Carl Tobias, a University of Richmond law professor who studies and comments on the federal judicial appointment process, thinks Obama will avoid potential obstacles from Republican senators this year.
“I'm sure that Bacharach will be confirmed soon,” Tobias said.
He said Sens. Tom Coburn and Jim Inhofe “didn't want to buck the GOP leadership” in the closing weeks of the 2012 congressional session.
For the president to have his nominees for the Kansas, Utah and Wyoming spots confirmed, it will be critical for the president's advisers to consult with Republican senators from those states before making nominations, Tobias said.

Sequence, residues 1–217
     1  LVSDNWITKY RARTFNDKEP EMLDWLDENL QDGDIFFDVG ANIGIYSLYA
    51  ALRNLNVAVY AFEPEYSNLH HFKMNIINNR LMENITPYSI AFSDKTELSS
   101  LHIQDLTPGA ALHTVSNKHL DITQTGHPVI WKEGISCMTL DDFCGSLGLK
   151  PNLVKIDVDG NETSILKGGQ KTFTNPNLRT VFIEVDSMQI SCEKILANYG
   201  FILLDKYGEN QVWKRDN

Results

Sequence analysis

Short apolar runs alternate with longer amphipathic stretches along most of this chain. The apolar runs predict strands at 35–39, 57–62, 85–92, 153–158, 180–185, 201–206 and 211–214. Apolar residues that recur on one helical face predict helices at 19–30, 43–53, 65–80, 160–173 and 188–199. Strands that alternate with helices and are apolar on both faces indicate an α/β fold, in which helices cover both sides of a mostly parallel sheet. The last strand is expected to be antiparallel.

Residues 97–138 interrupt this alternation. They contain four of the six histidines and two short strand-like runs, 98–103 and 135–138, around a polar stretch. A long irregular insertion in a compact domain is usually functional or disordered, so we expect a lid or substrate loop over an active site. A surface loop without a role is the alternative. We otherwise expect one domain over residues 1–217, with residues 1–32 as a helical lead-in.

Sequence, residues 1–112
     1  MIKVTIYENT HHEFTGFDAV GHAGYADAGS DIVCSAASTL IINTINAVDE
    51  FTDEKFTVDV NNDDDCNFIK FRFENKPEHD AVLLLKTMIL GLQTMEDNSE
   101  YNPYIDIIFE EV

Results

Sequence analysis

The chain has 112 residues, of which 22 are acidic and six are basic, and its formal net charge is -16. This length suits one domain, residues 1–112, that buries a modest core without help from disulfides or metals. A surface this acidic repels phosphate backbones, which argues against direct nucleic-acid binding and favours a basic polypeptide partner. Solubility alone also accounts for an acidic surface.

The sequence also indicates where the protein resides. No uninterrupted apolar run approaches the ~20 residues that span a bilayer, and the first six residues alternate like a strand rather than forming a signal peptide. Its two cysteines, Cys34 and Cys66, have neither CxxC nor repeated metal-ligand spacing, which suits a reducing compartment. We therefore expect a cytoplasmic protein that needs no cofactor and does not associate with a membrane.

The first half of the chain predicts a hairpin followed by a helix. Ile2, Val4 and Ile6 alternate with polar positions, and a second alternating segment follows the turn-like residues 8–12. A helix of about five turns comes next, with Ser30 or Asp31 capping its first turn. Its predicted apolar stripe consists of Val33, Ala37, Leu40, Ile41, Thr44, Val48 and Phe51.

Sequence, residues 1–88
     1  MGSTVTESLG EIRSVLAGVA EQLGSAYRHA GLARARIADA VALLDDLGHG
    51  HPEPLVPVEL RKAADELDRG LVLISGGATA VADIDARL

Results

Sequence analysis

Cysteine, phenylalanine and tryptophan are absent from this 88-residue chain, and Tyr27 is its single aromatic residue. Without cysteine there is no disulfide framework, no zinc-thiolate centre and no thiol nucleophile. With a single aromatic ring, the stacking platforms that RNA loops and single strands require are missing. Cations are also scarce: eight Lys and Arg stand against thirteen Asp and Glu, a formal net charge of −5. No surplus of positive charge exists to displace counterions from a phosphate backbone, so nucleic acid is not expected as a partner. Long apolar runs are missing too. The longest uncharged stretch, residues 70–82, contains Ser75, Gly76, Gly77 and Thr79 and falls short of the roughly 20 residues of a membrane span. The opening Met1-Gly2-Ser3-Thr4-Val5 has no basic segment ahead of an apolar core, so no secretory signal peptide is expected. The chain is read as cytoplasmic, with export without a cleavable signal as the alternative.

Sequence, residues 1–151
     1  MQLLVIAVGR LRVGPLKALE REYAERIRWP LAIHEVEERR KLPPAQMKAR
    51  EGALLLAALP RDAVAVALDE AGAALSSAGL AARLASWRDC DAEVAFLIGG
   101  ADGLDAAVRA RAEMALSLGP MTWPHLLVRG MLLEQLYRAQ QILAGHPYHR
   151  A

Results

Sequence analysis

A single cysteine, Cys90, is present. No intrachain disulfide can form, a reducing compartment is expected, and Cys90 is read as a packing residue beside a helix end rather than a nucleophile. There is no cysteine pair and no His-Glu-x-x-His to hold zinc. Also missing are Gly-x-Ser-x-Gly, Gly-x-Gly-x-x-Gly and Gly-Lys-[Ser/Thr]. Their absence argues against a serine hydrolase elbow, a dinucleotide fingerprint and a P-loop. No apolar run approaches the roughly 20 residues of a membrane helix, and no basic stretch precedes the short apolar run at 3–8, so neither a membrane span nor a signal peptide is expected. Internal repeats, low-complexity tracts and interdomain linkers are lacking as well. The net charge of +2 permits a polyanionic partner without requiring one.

“I think that Obama can fill these vacancies,” just as he has filled large numbers of vacancies in other federal circuit courts, the professor said.
“The 10th Circuit Court may change because as Justice (Byron) White used to say of the United States Supreme Court, one new justice changes the dynamics,” Tobias said.
Four new 10th Circuit judges will be a third of the active judges.
“So much will depend on who the appointees are,” Tobias said.
“I would expect the president's other nominees to be like Matheson and Bacharach — well-qualified, mainstream jurists — who will decide each case as it arises on the merits,” the professor said.